Water circulation in a saltwater tank is one of the most important aspects you need to address when setting up a new or existing tank.
It can be a struggle to find the right location to mount your wavemakers. Ensuring that your corals, fish, rocks, all receive the right amount of flow is crucial to their health.
In this article, I will address the proper positioning of wavemakers in your saltwater tank and the many benefits of doing so.
Why does a saltwater tank need wavemakers?
Without wavemakers or powerheads, a saltwater tank won’t receive the proper amount of water flow and unique flow patterns it requires to stay healthy.
Benefits of a wavemaker include:
- Gas exchange
- Supply food to corals
- Directing waste to the filtration
- Maintain the biological balance
These are just a few of the benefits. The placement of wavemakers in your tank is a big part of providing these needs.
Water flow promotes gas exchange which increases oxygen and decreases carbon dioxide. Corals need water flow to keep their tissues healthy and maintain their colors. Corals also depend on water flow to bring them food such as phytoplankton and zooplankton. Water flow will also remove waste from around the coral tissues.
Why is the placement of wavemakers important?
There are a few reasons. Take the following into consideration:
- Types of corals in the tank
- Type of substrate being used
- Types of fish and invertebrates
Proper positioning of the wavemakers will make their benefits more effective. For example, if a wavemaker is placed directly behind a rock, it won’t be as effective in directing waste to your filtration. Placed lower on the glass in the open space would be better.
If you have lower flow corals in your tank, like LPS, you won’t want to have a wavemaker with strong flow pointed right at it. You could also damage the coral. Positioning the wavemaker high up on the glass aiming away from the coral would be best.
If you are using very fine sand, it can easily be blown around the tank. Not only can this make a mess, but it can harm corals. Make sure that your wavemakers are not pointed directly at the bottom of the tank where sand will be disturbed and blown around.
One advantage of keeping a bare bottom tank is you can have stronger flow on the bottom of the tank. This helps keep it clean and directs any detritus to either a specific part of the tank which can be easily removed by you or the filter system.
Certain fish don’t like to be placed in high flow areas of the tank. Strong currents can affect their health. Depending on the types of fish you are keeping, you will need to adjust the water flow rate and wavemaker position. For example, the Copperband Butterfly does not like much water flow but the Clown Tang loves it.
Proper water movement is crucial for maintaining the biological balance of the tank. The live rock contains beneficial bacteria that break down waste and reduces nitrates. Using porous live rock with plenty of flow is essential. Positioning your wavemakers strategically will allow for better flow with live rocks.
Better control of flow and directional patterns are easier when wavemakers are placed strategically in the tank. Use both the side and rear panel glass to make sure the corals get strong but indirect flow. If you have multiple wavemakers, place them at different heights and strengths to have a varied flow.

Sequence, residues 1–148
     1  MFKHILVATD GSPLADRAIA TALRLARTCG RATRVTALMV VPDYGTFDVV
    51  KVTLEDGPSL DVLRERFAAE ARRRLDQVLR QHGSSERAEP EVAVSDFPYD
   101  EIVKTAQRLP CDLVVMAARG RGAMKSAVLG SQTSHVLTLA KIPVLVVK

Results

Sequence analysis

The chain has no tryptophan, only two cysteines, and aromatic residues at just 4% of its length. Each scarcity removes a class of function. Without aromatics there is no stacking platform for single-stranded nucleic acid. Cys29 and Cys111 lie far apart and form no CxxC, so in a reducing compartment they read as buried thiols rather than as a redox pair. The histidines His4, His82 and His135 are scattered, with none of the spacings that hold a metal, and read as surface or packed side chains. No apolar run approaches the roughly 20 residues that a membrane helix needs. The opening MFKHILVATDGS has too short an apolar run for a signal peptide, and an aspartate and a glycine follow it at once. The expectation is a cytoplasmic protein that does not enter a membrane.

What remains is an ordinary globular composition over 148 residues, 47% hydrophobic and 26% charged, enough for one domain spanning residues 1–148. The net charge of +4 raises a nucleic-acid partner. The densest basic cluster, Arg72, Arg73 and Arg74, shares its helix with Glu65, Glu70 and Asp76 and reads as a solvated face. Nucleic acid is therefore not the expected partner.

There are many factors to consider. Not all tanks will be the same.
SPS corals that are placed higher in the tank for more light, will require stronger water flow. Positioning the wavemakers up high on the glass would provide that.
Avoid placing the wavemakers in a position where corals with long tentacles can reach out and sting others. Most corals will reach out more in the water current.
When you are aquascaping the tank, make sure you strategically organize the rocks so water can flow around them properly. Creating a wall of rocks will block the flow and the wavemakers won’t be as effective.
Avoid placing wavemakers too close to the water surface. Although you can create lots of surface agitation, they can suck air into them.
Tall corals can accidentally be sucked into the wavemaker or powerhead if too close. Make sure to position them accordingly to avoid this.
If you want your wavemakers to be somewhat hidden from view, you can put them on the back wall and if it’s painted black, the wavemakers will blend in.
Can you have too much flow?
Yes, you can definitely have too much flow in your tank. Whether it’s a fish only saltwater tank or a full reef, proper water flow is important. Every tank will be different so the amount of flow will be dependent on your tanks requirements.
What size wavemaker do I need?
There are a few factors to consider when determining wavemaker size. Types of corals and fish you keep play a role. Turnover rate is a number given to how many times your main water volume will be cycled or turned over in your tank. An average number to aim for is a 20-30x turnover rate. For example, a 100-gallon tank might require a 2000-3000 GPH flow rate. Use this number to determine the proper wavemaker size.
Once you decide on the right wavemakers for your tank, make sure that you position them in the right place that will be beneficial for your corals and fish. There are many options and it might take a while to get them set up in the right spot. Your corals will let you know if they are not happy.
Any time you add a new coral or fish into your saltwater tank, it’s important to spend the time it takes and acclimate them properly. Corals can undergo a lot of stress during it’s travels to...
In this article, I will show you some great ideas for stocking a 55 gallon saltwater tank. If you are thinking of setting up a 55-gallon saltwater aquarium, it’s important to plan ahead...